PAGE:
UK Announces Electronic Travel Authorization Scheme for GCC Countries
Today, 9 March 2023, the UK government has published information about the Electronic Travel Authorization (ETA) scheme, which will become a new requirement for travelers who do not need a visa to enter the UK. And Qatari nationals will be the first to be able to apply to an ETA from October 2023 —one month before the ETA becomes mandatory for them.
The rest of the GCC states (Bahrain, Oman, Kuwait, Saudi Arabia, and the United Arab Emirates), as well as Jordan, will be included in the scheme from February 2024. ETA will then expand to all visa-exempt countries worldwide, including EU countries, Australia, and the United States of America.
It will not affect:
- British or Irish nationals, as well as legal residents of Ireland traveling to the UK from within the Common Travel Area
- Residents of Guernsey, Jersey, and the Isle of Man
- People with valid UK visas or valid permits to live, work, or study in the UK
In a news story on the official UK government’s website, Immigration Minister Robert Jenrick explained that ETA is meant to strengthen the UK borders in terms of security by avoiding the entry of people who may pose a threat to the country, such as criminals. Yet, it is also intended to facilitate travel for legitimate visitors.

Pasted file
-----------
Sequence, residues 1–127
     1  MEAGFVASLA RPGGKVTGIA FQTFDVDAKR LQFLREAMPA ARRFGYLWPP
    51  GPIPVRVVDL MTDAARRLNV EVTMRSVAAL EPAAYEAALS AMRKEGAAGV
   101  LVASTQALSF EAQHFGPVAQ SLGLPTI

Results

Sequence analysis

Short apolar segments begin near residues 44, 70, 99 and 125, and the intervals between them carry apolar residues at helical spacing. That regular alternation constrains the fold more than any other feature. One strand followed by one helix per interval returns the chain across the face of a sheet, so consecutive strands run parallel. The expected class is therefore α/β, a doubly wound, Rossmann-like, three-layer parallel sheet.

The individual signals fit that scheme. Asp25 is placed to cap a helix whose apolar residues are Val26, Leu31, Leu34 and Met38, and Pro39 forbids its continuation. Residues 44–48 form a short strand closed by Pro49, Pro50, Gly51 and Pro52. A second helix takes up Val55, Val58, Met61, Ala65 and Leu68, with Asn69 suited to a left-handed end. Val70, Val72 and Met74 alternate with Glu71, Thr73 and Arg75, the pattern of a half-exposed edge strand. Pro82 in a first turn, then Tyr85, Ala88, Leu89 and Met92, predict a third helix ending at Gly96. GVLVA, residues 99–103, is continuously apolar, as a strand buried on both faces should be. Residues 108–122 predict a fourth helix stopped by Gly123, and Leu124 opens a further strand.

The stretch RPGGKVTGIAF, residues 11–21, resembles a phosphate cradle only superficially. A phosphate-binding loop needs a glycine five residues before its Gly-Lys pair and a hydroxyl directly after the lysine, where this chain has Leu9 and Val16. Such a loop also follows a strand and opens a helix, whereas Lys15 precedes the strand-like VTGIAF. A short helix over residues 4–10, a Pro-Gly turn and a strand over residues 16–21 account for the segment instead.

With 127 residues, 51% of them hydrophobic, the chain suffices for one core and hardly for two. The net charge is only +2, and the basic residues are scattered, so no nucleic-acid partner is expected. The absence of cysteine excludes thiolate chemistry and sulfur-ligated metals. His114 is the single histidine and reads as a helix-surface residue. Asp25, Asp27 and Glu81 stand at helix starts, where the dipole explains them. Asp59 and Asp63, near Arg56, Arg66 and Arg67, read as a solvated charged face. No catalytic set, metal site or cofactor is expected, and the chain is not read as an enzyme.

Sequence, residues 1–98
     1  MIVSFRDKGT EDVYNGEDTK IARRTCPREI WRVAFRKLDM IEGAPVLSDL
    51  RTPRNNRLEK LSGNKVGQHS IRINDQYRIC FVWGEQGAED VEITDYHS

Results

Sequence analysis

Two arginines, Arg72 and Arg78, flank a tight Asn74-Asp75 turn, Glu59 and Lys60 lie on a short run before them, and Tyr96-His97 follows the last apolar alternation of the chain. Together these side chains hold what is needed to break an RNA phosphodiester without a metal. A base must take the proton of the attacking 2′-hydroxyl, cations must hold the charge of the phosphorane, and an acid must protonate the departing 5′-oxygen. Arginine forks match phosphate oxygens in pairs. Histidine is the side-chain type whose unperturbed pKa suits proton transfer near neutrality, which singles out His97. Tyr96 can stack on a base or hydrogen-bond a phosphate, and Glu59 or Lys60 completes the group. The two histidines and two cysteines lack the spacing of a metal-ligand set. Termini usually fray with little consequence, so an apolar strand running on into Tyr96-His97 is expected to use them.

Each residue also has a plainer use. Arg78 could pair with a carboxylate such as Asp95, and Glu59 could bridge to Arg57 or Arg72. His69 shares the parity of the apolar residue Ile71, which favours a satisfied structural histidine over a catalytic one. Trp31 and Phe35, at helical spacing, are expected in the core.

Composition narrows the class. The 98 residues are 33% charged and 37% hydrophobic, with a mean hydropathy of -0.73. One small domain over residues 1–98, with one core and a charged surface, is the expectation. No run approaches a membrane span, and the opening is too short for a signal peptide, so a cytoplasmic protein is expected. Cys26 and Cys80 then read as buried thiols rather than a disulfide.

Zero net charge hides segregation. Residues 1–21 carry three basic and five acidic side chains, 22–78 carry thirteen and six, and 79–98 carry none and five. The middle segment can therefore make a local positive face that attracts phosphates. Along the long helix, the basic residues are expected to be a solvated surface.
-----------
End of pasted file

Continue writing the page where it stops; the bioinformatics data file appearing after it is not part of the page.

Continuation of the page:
In fact, the Home Office has informed that the ETA application process will be quick and simple. It will require the applicant to deliver biometric data and to answer suitability questions on digital platforms (the UK government’s website or a mobile app). After that, the applicant will most likely receive a decision within 3 working days (provided that further checks aren’t necessary). Once obtained, it will be linked electronically with the holder’s passport.
The Home Office also said that for Qatari visitors, the ETA implies the benefit of being a more cost-effective option to travel to the UK, in comparison to the Electronic Visa Waiver scheme, which requires travelers from GCC countries to pay for a single-use visit.
Instead, ETA will only require a one-time payment and will allow multiple short-stay visits in a 2-year period (up to 6 months for visiting family and friends, tourism, study, and business purposes, and up to 3 months on the Creative Worker visa concession). ETA will also be a valid permission to enter the UK when the holder is in transit through the UK. It will fully replace the current Electronic Visa Waiver scheme.
Although the UK authorities didn’t mention a specific fee for ETA, they informed that ETA application fees would be close to the ones involved in similar international schemes. They also clarified that all visa-exempt travelers should apply for their own ETA, including children.